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Not every day presents a crisis of earth shattering magnitude. (See “Day Twenty-eight.”) However, those of us who experience chronic pain do have challenges to overcome on a regular basis making it important to be aware of system breakdown predictors. Factors apparent in a total system breakdown include a loss of our physical, mental, emotional, and spiritual safety net (the four-seated teeter-totter we discuss in this series of books). If we are aware that mounting daily stressors are precursors to a crisis, can we be better prepared should a crisis occur?

Symptoms that risks are mounting:

·        We become short tempered.
·        We don't feel rested for several days in a row.
·        We have more difficulty than usual concentrating.
·        We feel overwhelmed and without resources.
·        Our pain is not being managed adequately.
·        We struggle with tasks that we normally manage well.

What can we do when we find a consistent pattern that could be leading up to a coping failure? We can:

·        Delay chores or break them down into segments.
·        Approach each day individually and break it down by each hour if necessary.
·        Summon help from support system members or healthcare providers.
·        Give ourselves permission to rest.
·        Change what we can, and let the rest go.
·        Accept that some days doing the minimum allows us to charge our battery and prevent a total breakdown later.
·        Focus on our successes.

What can I add to the list of warning signs?

Excerpt, Broken Body, Wounded Spirit: Balancing the See-Saw of Chronic Pain, e Fall f Day Three
 
Available on Amazon and all major outlets in paperback and Kindle.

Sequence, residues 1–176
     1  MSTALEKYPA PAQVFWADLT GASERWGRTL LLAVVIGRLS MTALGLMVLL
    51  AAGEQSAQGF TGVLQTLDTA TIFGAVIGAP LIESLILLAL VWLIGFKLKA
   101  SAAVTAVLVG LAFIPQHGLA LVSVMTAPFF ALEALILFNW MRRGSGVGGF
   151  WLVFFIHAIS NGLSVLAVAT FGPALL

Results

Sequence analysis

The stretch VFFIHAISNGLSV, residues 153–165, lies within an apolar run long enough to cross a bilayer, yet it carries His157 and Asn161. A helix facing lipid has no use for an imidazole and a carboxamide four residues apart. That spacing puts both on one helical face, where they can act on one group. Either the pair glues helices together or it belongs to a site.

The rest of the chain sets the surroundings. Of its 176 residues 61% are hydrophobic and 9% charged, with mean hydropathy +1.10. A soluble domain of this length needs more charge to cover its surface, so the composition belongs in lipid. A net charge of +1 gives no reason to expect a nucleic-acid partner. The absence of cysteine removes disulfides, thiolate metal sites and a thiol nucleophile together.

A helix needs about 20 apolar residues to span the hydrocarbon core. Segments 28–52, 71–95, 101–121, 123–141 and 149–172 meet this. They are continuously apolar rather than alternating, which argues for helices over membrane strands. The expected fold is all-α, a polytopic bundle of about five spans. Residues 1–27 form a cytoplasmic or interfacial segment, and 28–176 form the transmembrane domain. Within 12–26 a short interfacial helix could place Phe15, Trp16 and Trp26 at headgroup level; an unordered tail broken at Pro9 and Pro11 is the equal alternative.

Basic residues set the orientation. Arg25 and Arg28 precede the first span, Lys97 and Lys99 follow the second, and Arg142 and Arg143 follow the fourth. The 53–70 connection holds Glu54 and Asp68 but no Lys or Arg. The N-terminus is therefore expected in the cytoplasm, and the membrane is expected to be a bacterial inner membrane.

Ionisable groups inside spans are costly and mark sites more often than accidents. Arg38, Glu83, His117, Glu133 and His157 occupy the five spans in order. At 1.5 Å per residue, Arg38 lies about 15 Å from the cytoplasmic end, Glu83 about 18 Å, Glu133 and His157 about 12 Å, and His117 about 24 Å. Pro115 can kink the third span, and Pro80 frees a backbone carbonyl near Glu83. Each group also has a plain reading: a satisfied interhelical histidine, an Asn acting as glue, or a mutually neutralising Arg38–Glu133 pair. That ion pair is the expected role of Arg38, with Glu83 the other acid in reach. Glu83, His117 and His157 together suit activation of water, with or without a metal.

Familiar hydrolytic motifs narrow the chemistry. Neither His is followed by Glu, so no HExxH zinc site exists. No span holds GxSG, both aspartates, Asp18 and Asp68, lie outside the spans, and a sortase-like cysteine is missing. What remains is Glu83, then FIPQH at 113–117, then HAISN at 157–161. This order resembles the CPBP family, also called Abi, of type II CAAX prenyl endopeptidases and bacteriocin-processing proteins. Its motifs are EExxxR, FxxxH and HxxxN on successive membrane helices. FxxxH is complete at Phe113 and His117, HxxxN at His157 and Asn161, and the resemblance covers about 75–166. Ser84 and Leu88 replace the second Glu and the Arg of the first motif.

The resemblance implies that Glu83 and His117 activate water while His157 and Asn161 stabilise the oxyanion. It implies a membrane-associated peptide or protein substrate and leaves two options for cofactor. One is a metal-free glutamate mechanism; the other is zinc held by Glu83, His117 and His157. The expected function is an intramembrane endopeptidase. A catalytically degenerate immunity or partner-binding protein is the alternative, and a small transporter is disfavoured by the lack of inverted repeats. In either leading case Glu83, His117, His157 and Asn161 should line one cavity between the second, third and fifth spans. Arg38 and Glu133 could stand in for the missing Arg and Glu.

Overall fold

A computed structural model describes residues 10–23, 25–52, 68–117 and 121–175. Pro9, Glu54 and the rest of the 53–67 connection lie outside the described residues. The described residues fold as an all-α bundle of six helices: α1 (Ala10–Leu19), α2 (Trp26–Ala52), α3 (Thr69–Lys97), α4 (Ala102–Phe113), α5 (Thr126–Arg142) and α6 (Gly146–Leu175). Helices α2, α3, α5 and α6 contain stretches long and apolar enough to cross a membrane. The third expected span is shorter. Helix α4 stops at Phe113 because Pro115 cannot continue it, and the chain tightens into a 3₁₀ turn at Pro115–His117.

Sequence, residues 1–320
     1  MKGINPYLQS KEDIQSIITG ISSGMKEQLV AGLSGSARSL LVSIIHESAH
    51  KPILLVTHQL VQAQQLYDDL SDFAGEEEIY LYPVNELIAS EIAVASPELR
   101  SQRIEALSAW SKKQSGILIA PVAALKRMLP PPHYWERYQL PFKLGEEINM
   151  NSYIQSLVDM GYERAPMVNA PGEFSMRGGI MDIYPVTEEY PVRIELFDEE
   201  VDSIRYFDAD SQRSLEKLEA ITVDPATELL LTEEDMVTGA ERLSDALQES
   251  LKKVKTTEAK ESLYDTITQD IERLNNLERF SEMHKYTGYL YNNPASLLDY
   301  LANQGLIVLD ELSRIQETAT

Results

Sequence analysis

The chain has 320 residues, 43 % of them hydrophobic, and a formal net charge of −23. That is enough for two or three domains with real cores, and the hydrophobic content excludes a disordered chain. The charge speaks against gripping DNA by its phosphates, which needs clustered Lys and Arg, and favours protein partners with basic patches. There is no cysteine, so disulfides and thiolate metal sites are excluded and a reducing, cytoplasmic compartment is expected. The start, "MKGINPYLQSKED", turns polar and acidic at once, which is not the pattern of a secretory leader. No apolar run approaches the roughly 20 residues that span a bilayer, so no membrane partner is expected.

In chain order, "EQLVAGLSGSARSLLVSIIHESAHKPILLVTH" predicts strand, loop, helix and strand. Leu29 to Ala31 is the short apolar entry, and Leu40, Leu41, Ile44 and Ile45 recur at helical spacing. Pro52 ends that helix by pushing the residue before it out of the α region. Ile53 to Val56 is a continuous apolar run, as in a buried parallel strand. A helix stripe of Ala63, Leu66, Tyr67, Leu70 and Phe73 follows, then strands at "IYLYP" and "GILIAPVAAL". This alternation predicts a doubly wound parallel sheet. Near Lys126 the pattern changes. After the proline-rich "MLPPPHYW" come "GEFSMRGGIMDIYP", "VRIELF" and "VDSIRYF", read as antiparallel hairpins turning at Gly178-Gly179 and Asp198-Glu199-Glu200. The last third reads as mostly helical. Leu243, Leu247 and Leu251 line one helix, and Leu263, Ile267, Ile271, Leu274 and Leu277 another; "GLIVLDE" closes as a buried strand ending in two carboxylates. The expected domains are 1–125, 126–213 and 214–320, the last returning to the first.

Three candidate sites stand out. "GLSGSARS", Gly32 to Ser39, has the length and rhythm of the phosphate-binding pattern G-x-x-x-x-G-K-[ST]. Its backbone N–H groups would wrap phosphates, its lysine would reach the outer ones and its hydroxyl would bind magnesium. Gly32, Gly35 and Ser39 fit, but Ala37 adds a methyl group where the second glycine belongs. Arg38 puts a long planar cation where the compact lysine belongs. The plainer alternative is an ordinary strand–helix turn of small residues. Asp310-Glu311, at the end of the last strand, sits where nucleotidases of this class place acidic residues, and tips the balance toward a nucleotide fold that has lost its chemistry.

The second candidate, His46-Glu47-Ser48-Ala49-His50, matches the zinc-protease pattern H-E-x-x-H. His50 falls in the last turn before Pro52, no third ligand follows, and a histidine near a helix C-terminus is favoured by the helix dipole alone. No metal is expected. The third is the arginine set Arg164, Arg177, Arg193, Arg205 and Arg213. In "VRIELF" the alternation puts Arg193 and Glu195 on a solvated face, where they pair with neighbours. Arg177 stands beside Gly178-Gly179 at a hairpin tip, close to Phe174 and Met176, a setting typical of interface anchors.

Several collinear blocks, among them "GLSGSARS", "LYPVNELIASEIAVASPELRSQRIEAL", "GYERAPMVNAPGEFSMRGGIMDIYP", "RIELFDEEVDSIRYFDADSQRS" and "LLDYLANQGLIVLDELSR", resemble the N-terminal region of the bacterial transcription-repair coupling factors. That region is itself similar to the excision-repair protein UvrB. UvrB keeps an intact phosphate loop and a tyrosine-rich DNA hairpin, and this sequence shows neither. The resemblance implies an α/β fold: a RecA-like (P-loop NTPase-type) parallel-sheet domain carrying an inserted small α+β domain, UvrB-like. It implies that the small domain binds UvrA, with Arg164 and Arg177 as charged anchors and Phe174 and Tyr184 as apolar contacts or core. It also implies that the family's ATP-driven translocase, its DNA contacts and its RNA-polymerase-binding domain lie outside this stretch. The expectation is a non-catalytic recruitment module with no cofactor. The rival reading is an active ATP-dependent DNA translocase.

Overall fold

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Other articles you might find helpful:



In healing,

Celeste Cooper, RN / Author, Freelancer, Advocate

Think adversity?-See opportunity!



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Learn more about Celeste’s books here. Subscribe to posts by using the information in the upper right hand corner or use the share buttons to share with others. 

Sunday, May 12, 2019

How Aware Are We? Fibromyalgia And Aggravating Conditions

Courtesy Celeste’s Photography©





Many things can make our fibro symptoms worse.  So, we should ask ourselves, “What am I doing, or not doing, that adds to my misery?” “How can I identify and manage perpetuating or aggravating factors?”







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This blog post, Fibromyalgia Awareness And Aggravating Conditions, originally appeared May 5, 2016 on ProHealth. With ProHealth’s permission, I am sharing it in its entirety here on The Pained Ink Slayer.

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May is Fibromyalgia Awareness Month. And what a month it is! In many parts of the US, spring rains of April have brought an environment exploding with color and texture as saplings emerge, promising hope and feelings of rebirth.

All these things make May a wonderful month to raise awareness for fibromyalgia. We will see many campaigns across social media platforms, and we should all contribute in some way, if only to share it with someone else.  However, we should also remember, as the month begins to warm, other things need our attention.

As the season beacons us outdoors, our activity increases, as it should.  We will experience the reality of spring storms and, if we aren’t paying close attention, weather changes that can affect us. We may, and probably do, have overlapping or co-existing conditions that put us on red alert, but we must pay attention because while our emotional well-being often improves by getting outside, not all conditions bode well with sudden surges in physical activity.

Three reasons for us to remain aware:

1.     When our spirits are high, we tend to ignore warning signs of an impending problem.
2.     Managing all conditions, not just fibromyalgia, is necessary.